Every now and then, a client will approach us with a big question: “Where do we start in order to improve our website’s revenue stream?” That’s a big question, with infinite answers. It’s always fun when upper management provides you with some specific direction like, “just fix it, and show me results by the end of the quarter.” There are many key elements that could be preventing a purchase path from producing larger revenue numbers.
My advice is to take a deep breath… step back… and look at the numbers!
Start with the Order Form
You may have several pages in your registration path (another potential issue we’ll address later), but start with your actual Order Form first – where your prospects give their billing information like a credit card number, address, phone number, etc. This is the point where the most important decision is made by prospects: “I will or I will not pay you for your product or service.” You will not meet revenue goals unless this page is optimized and the missed opportunity for revenue is minimized. Is the ratio of people completing their orders to people bouncing from this page reasonable? If not, we have some work to do.
Take a look at this page and see if there are some fields you can remove. Are there too many personal fields on the page? For example, including a phone number field as a requirement may scare someone away from your page. It may be viewed as too personal, too much. Can one clearly identify where the final call to action is located? Have we provided clarity and clear expectations? Are there security icons that we can include to reduce anxiety?
After making some changes, create a test cell and split the traffic arriving to this page with the test cell and see what happens.Take another look at the data for this new page. Do you still have a high drop-off rate on this page after testing a control vs. a new test cell? If the new test cell shows improvement, and you are comfortable that the results are statistically significant, you should next look at the pages leading up to the order page.
Tackle the Beginning of the Path
Your first question in evaluating the pages leading up to, or driving traffic to the final step should be, “Are all the pages in the purchase path necessary?”
If someone is interested in purchasing your product, why overwhelm them with too much information after they have decided to buy? You have a warm, if not “hot” sales lead, so let’s get them paid up and on their way by limiting the amount of work necessary to get through the process. They will most likely buy again because of the pleasant purchasing experience! Here are a few proven techniques to consider:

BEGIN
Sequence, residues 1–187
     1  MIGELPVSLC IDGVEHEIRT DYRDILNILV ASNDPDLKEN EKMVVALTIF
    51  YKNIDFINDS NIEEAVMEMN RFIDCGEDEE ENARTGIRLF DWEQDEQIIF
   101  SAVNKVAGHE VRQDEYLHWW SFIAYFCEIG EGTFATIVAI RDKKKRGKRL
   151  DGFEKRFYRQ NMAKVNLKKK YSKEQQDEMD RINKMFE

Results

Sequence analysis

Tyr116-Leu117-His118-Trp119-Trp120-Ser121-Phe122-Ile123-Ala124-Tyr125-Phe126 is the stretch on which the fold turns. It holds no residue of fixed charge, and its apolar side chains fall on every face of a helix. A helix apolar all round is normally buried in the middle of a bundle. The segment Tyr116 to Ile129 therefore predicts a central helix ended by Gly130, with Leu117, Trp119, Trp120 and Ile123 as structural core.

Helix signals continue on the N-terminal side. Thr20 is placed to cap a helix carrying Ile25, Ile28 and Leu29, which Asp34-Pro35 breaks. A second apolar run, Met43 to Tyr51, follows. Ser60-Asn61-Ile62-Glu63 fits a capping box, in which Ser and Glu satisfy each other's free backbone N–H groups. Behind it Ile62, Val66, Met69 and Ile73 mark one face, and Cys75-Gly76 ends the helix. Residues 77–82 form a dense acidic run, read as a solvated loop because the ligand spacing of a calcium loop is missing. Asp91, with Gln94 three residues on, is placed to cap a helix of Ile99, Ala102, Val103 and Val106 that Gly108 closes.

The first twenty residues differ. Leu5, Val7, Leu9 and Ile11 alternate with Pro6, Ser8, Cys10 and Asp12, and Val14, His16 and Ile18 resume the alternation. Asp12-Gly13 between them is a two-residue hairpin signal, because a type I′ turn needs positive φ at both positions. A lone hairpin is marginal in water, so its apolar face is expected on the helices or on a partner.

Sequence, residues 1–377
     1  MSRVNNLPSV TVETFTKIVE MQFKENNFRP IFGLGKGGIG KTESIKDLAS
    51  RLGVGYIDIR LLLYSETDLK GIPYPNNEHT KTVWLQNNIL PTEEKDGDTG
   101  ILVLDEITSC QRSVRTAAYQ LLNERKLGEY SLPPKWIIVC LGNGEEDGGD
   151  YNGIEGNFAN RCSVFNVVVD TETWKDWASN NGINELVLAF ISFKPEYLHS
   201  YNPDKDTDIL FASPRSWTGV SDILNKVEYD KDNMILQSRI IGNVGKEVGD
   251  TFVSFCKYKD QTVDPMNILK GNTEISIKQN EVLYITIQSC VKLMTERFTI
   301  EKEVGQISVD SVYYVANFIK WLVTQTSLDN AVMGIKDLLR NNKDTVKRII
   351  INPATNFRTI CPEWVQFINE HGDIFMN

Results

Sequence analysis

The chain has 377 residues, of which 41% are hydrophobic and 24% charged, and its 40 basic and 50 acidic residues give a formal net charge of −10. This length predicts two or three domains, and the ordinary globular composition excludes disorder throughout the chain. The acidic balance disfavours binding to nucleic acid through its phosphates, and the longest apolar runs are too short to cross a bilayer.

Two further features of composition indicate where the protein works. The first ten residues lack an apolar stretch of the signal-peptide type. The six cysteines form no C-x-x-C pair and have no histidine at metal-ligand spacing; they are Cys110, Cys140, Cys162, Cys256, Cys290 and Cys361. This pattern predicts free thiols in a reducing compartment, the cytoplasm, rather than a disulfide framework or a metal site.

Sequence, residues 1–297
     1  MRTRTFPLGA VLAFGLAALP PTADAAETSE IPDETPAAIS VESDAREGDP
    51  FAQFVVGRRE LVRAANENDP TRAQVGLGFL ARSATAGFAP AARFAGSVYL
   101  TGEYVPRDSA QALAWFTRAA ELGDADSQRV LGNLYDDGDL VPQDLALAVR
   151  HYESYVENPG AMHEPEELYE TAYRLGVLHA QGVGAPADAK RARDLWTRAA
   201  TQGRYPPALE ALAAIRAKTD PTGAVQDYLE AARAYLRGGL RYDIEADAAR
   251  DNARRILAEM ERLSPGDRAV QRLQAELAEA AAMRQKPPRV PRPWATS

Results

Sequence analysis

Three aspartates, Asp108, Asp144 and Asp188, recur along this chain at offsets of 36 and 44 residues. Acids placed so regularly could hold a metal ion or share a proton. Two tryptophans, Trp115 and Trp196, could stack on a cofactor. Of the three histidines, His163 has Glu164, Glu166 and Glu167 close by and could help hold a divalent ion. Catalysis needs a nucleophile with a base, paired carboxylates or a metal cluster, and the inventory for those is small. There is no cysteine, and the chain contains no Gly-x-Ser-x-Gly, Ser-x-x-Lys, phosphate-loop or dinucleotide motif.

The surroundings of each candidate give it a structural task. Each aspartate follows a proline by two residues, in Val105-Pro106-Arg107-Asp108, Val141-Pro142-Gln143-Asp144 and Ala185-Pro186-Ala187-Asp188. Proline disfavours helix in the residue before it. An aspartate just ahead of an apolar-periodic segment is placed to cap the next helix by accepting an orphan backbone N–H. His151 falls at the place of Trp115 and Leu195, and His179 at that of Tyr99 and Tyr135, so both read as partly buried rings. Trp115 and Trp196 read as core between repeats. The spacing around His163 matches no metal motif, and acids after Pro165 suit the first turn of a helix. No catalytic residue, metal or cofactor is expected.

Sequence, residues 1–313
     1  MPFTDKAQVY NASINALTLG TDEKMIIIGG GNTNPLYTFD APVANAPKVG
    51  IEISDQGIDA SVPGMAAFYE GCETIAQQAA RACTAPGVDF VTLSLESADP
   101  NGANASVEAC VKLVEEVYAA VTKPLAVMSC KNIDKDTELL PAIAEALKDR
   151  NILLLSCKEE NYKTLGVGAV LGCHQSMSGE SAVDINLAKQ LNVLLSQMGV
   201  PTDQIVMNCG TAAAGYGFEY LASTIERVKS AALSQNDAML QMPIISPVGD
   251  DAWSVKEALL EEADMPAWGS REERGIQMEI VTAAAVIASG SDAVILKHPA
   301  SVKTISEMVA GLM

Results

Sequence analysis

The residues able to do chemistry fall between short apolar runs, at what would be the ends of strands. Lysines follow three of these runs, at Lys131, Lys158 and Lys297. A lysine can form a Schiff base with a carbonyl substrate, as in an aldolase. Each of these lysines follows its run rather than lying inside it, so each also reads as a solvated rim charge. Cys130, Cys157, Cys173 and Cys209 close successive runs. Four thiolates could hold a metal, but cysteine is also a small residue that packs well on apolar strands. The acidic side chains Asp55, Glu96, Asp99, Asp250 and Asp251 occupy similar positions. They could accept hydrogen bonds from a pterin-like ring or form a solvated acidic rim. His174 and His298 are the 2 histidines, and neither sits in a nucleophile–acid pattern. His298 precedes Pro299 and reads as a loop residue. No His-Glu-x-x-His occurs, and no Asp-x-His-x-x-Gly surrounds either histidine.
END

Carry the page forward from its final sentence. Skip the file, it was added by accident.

- Make sure each step of the experience is accommodating, necessary, relevant, and fluid.
- Stick to a simple three-step approach. This is a good idea and has tested extremely well for our clients, showing significant performance lifts.
- Stay away from overwhelmingly long pages. Pages that require minimal scrolling perform better.
Base Decisions on Data
When looking at the “squeaky wheel” of a conversion funnel, you should base decisions on data, not appearance. Look to see where people are dropping off. Many well-performing pages have questionable designs, but still work brilliantly. If you are going to tackle these pages, do it in a tactical sense as to not disrupt performance. Key in on specific element changes so that you know what is and is not working. Preparing multiple versions for a solid and structured test plan is definitely the way to go. You can modify your plan accordingly as results come in.
Now that you have tested and established a registration path with minimal drop off, you have a solid bucket to deliver customers and you can focus efforts on the fun stuff – the online sales approaches such as landing pages, emails, banners, and search adwords! This is where you can spread the marketing wings, dig down, and get creative through testing, and establish what works for sending MORE traffic to that solid – leak free – purchase funnel! But this is a topic that will be thoroughly covered in future articles in this blog.